"The beginning jobs are moving away," she said. "If game companies use Midjourney to generate concept art and mood boards, it cuts off opportunities for up-and-coming artists to get noticed."

Companies using AI to cut costs

While the debate over AI rages, companies are already including it in layoff announcements and using it as an excuse for downsizing.

IBM has paused hiring in roles that could be replaced by AI, and BT announced plans to replace 10,000 cut jobs with AI earlier this year.

Something similar is happening in the art world. Ben Zhao, a professor of computer science at the University of Chicago, told Insider that the explosion in generative AI has sparked a "race to the bottom" as companies cut expenses and lay off low-level art roles.

"There's a lot of actual replacement going on, but many companies are just using generative AI as a way to argue for downsizing, to try to drive down costs and maximize profits," he said.

Reid worries that the economic outlook and the growing presence of AI have created a "perfect storm" that is pushing many companies to cut jobs.

"I think they're looking at numbers and they're seeing cost saving measures, and they're seeing tools that can aid their businesses without necessarily thinking about the human costs," he said.

Eva Toorenent art
Eva says her artEva Toorenent

The vanishing opportunities are especially galling considering that many of the AI image generators artists are losing work to are trained on artwork scraped from the internet.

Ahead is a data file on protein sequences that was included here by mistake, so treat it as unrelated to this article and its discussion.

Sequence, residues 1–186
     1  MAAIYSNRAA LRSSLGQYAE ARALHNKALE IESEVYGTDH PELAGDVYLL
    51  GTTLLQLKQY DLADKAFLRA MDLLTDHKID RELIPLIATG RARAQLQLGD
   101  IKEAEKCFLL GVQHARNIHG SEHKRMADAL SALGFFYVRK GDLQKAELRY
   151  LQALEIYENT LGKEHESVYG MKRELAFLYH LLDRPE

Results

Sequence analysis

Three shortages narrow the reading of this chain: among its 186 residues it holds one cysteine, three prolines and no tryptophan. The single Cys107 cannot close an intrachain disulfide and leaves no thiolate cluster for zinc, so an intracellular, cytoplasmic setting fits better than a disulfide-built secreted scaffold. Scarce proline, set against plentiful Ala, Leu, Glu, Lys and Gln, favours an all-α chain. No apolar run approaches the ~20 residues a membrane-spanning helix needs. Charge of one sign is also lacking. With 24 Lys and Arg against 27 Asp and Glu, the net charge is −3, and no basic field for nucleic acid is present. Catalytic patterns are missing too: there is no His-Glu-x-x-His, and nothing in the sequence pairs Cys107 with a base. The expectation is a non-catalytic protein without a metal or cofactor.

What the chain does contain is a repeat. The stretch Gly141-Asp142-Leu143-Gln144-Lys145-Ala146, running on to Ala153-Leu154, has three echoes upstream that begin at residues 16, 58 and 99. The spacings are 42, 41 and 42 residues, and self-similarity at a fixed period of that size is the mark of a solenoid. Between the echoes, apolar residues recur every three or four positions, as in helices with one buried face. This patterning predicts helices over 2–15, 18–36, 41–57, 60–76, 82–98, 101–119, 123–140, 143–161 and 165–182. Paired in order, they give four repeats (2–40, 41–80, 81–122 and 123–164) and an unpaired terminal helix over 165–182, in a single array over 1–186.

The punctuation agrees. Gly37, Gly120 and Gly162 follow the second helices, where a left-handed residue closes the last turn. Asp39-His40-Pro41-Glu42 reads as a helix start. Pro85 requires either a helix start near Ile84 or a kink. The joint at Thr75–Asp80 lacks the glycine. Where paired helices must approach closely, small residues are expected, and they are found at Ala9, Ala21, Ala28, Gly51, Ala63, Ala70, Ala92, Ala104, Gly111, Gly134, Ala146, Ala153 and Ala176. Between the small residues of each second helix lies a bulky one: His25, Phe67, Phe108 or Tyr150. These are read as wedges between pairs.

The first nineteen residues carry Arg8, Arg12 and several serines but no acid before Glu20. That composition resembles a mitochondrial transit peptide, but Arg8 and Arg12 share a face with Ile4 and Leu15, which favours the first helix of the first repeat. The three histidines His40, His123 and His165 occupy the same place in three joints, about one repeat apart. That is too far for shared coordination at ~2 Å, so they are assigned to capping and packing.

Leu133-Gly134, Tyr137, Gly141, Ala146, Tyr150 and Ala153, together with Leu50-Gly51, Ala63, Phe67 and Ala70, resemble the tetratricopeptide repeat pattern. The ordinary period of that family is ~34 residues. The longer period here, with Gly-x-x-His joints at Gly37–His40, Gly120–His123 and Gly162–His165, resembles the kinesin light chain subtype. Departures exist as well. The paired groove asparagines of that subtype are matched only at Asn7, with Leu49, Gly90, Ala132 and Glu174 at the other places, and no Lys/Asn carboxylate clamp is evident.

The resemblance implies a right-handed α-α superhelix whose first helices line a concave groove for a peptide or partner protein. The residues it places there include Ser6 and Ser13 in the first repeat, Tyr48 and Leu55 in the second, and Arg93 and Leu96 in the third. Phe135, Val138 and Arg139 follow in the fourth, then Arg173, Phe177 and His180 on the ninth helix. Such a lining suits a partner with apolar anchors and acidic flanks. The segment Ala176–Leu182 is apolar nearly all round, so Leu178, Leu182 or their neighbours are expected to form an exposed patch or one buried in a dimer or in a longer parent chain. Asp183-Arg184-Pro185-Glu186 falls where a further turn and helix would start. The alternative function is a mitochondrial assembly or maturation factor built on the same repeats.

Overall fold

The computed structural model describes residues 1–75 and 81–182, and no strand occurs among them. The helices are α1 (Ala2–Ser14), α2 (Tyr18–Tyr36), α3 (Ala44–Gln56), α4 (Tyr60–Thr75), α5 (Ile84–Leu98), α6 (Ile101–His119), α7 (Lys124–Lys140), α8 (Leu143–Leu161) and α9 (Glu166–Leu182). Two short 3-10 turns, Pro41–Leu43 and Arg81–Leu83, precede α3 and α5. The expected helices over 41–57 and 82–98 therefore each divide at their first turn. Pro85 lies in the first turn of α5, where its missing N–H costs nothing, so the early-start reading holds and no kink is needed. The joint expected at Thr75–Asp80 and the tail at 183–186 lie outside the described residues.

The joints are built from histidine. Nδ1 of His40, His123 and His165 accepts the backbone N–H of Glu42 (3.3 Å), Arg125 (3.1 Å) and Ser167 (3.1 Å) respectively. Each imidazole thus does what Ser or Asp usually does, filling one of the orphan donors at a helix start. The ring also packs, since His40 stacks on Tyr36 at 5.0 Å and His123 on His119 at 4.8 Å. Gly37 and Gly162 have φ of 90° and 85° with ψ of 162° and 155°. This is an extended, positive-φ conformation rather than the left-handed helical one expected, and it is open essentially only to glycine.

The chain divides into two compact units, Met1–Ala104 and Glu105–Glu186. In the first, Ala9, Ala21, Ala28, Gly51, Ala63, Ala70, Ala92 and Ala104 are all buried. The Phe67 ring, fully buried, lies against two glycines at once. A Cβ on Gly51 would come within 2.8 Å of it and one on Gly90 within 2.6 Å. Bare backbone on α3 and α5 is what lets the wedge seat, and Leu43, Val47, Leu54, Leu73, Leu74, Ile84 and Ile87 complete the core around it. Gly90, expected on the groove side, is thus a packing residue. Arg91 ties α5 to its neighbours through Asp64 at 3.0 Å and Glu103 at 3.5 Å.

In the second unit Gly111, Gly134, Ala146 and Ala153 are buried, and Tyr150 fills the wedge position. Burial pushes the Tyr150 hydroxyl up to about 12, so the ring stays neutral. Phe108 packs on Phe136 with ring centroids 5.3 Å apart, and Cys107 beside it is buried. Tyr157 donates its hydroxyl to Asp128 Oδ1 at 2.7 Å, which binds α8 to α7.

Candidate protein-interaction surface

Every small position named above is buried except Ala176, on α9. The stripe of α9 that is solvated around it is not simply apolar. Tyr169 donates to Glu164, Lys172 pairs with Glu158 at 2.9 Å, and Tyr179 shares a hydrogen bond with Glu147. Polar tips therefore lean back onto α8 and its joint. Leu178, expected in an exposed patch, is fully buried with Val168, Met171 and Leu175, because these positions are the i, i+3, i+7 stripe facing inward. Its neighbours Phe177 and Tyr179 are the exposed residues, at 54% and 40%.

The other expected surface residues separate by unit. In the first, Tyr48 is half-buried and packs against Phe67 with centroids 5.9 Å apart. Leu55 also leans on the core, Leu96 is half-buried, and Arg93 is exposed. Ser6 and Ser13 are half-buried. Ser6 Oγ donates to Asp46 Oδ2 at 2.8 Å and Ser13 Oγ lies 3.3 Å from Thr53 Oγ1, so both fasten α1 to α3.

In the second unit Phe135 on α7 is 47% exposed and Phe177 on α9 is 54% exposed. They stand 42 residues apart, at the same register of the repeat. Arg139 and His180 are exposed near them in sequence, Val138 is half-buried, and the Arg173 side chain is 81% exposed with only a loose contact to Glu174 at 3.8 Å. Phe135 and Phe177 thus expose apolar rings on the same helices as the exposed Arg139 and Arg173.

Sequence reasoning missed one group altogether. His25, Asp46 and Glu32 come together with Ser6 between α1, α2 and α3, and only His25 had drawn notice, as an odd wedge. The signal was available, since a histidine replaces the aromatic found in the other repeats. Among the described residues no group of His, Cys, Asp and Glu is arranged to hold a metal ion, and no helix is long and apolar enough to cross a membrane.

After she first encountered generative AI, Eva used the Have I been Trained tool and found that several of her artworks had been used to train AI models.

"It's scary to think that somebody could just take my work without my consent and train an AI on it," she said. "Without our work this technology could not exist. It feels like we are being replaced with our own labor."

Artists fear for the future

Karla Ortiz is one of three artists who have launched a lawsuit against Stability AI and Midjourney over claims the companies violated copyright laws by scraping their work to train AI models.

"I'm hoping it'll set a very clear precedent on what actions are ok, and what actions are not ok when developing these technologies," Ortiz said.

She fears that the uncertainty and concern surrounding generative AI is putting off people from going into careers in the creative industry: "I don't blame them because I'm worried about my job prospects too."

Karla Ortiz
Karla Ortiz is suing Midjourney and Stable Diffusion over their use of her works to train AI models.AMY OSBORNE/Getty Images

Zhao is also concerned about how generative AI may impact the next generation. In collaboration with artists, he and his team developed Glaze, a tool that applies a filter to digital artworks that prevent AI models from using it to "learn" an artist's style and reproduce it when prompted.

Glaze is "designed to buy time" for legal and regulatory systems to draft new rules on how to deal with AI, he said.

Zhao feared for the future of human creativity: "It's a really dark thing to contemplate."

Midjourney and Stable Diffusion did not respond to requests for comment from Insider.